Besides ‘Antico’ from the V&A Museum…(which I have been calling a ‘Horace Baxter’ – indeed, I have been calling all the objects in the exhibition by the name of the dealer who sold them which has been very confusing for many museum curators! – so the ‘Antico’ is a ‘Horace Baxter’; we also have a ‘Henry Farrer’ (a very rare 16th century Venetian glass goblet – sold by Farrer to the South Kensington Museum (now the V&A Museum) in 1854 for £30.0.0) – you can just see the edge of the green glass goblet to the right of the ‘Baxter’ in the poster above; and a ‘David Tremayne’ – the wonderful 18th century bronze mask, sold to The Bowes Museum by David Tremayne in 1966 – you can just the bronze mask to the left of the ‘Baxter’ (sorry, the ‘Antico’) in the poster.

We have a wonderful range of objects in SOLD!, including this amazing demilance suit of armour of c.1620 from the Royal Armouries, (Tower Armouries Collection in London), which was acquired via the well-known specialist dealer in ‘ancient armour’ Samuel & Henry Pratt from their ‘The Gothic Hall’ just off New Bond Street in 1840.

S. & H. Pratt – (1840) – Demilance suit of armour, c.1620. Photograph courtesy of The Royal Armouries.

As part of SOLD! we have objects that passed through the hands of major 19th century dealers such as E.H. Baldock, John Webb and George Durlacher; and in the 20th century, major dealers such as Frank Partridge, M. Harris & Sons, H. Blairman & Sons, Mallett & Son, Wartski, Hotspur, S.J. Phillips, and Bluett & Son…plus many more besides.

One of the major dealers we have focused on is Phillips of Hitchin; mainly because we have the Phillips of Hitchin archives at the Brotherton Library Special Collections at the University of Leeds. And here’s a very rare photograph of the Phillips of Hitchin shop in c.1905, with Frederick W. Phillips (centre) the chap that established the firm in 1882, and Hugh Phillips (his brother) to the right (we don’t know who the third person is) – the photograph was taken just a few years before Frederick Phillips bought the ‘Gothic Cupboard’ and sold it to Robert Mond (see below).

F.W. Phillips (Phillips of Hitchin) shop, Hitchin, c.1905. Digital copy of glass-plate negative courtesy of the V&A Museum.

Jerome Phillips, the grandson of Frederick Phillips, kindly identified the people in the photograph – and Kate Hay at the V&A Museum and her volunteers generously made a digital copy from the original glass-plate negative (part of the Phillips of Hitchin material that is, at present, at the V&A stores).

There are also couple of objects from the V&A Museum in the exhibition that were sold by Phillips of Hitchin – this Gothic cupboard (known as ‘Prince Arthur’s Cupboard’ in the early 20th century when it was acquired by the V&A Museum) was sold by F.W. Phillips (Phillips of Hitchin) to the well-known collector Robert Mond in 1912 for £220.0.0. – Mond donated it to the V&A in the same year.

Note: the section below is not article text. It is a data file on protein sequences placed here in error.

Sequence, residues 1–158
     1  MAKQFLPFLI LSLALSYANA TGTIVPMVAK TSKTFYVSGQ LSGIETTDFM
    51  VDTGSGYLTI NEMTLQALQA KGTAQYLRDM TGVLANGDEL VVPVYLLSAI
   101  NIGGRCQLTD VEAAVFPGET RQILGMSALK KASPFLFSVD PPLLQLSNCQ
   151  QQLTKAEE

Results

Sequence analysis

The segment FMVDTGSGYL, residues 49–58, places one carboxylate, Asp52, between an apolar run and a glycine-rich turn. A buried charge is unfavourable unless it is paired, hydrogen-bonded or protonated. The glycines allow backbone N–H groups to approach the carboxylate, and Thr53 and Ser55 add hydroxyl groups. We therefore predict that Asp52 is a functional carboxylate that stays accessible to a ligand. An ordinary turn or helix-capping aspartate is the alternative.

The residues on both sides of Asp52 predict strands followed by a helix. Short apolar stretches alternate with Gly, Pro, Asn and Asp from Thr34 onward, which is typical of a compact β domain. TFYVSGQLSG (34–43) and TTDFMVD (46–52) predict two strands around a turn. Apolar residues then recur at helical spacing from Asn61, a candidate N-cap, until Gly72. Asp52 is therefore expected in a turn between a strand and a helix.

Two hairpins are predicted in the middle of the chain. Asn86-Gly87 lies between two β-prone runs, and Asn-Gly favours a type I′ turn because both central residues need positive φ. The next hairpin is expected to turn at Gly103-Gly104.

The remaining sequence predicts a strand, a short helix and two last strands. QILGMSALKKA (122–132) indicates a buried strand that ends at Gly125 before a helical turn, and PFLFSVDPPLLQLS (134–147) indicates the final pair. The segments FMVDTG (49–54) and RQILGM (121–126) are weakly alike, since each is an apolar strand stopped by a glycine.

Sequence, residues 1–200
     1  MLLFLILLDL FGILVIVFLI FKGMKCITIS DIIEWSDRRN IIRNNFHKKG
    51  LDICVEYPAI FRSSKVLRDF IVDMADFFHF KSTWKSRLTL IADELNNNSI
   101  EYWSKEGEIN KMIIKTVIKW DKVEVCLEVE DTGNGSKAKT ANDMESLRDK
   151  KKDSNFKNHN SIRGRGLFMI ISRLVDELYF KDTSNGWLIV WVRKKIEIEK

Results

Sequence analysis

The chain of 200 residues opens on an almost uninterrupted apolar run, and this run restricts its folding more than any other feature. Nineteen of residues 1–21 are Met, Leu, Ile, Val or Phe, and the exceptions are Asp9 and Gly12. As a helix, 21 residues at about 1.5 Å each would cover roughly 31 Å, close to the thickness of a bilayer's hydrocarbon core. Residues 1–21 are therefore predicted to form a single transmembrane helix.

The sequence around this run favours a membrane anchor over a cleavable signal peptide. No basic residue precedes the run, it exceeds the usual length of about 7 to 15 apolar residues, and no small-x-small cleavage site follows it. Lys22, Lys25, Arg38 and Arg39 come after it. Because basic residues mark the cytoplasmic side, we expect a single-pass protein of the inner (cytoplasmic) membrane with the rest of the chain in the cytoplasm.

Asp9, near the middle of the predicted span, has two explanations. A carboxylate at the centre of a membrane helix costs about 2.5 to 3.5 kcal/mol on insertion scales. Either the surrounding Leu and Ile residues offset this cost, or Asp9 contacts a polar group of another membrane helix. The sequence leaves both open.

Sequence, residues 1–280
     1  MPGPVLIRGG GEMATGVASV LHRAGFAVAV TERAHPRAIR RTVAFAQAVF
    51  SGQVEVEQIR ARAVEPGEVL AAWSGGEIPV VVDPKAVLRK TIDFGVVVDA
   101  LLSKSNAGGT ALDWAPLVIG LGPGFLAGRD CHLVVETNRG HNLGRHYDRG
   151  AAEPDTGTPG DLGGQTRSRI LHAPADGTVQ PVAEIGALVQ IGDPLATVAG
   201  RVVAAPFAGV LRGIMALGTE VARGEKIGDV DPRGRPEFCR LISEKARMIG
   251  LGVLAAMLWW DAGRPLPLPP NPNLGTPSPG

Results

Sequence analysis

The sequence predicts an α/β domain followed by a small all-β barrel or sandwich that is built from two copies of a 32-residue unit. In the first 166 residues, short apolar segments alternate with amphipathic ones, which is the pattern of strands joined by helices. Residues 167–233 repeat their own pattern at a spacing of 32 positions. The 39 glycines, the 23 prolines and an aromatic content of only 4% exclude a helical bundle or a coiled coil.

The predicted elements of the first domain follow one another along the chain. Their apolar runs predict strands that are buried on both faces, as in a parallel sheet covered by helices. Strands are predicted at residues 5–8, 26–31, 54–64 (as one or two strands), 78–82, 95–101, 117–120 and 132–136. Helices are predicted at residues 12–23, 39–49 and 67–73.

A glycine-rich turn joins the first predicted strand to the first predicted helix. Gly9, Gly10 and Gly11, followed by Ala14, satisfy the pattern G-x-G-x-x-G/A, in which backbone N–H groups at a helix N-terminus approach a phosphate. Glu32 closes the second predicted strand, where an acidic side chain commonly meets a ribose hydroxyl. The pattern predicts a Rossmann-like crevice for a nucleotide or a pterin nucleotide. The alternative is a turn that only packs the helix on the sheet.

F.W. Phillips (Phillips of Hitchin) ‘Gothic Cupboard’ c.1500-1600. Sold by F.W. Phillips in 1912. Photograph courtesy of the V&A Museum.

 

The other Phillips of Hitchin object in the exhibition is the famous ‘Medal Cabinet’ by the 18th century cabinetmaker William Vile (c.1700-1767), of c.1760, which was sold by PoH to the V&A in 1963 for £10,000.

Phillips of Hitchin (1963). George III mahogany medal cabinet, c.1760. Photograph courtesy of the V&A Museum.

 

The exhibition will also have a wide range of exceptionally rare antique dealer archives, and a range of dealer ephemera, to bring to life the history of the antique trade.  But there are also some spectacularly rare objects in SOLD! – indeed, one of the key premises of the exhibition is to show some very familiar, world-class museum objects, but to ‘reframe’ them through the narrative of the art market; and to bring the previously marginalized story of antique dealing more directly, and more explicitly, into the spaces of the public museum – and to provoke us all (museum curators, academics, and the public) to reflect on why the art market has often been suppressed and dislocated from the narratives of the history of art that the museum presents us with.

We hope that the ‘SOLD!’ exhibition will be a catalyst for increased public engagement with these previously marginalized stories.

I’ll be updating the blog with regular progress reports on SOLD! as we move towards the opening of the exhibition on 26th January 2019 – I do hope that we will see as many people who can make it to SOLD! at Bowes Museum and I hope to say ‘hello’ if I am about at the exhibition.

Mark

 

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An International Conference hosted by The Bowes Museum and The University of Leeds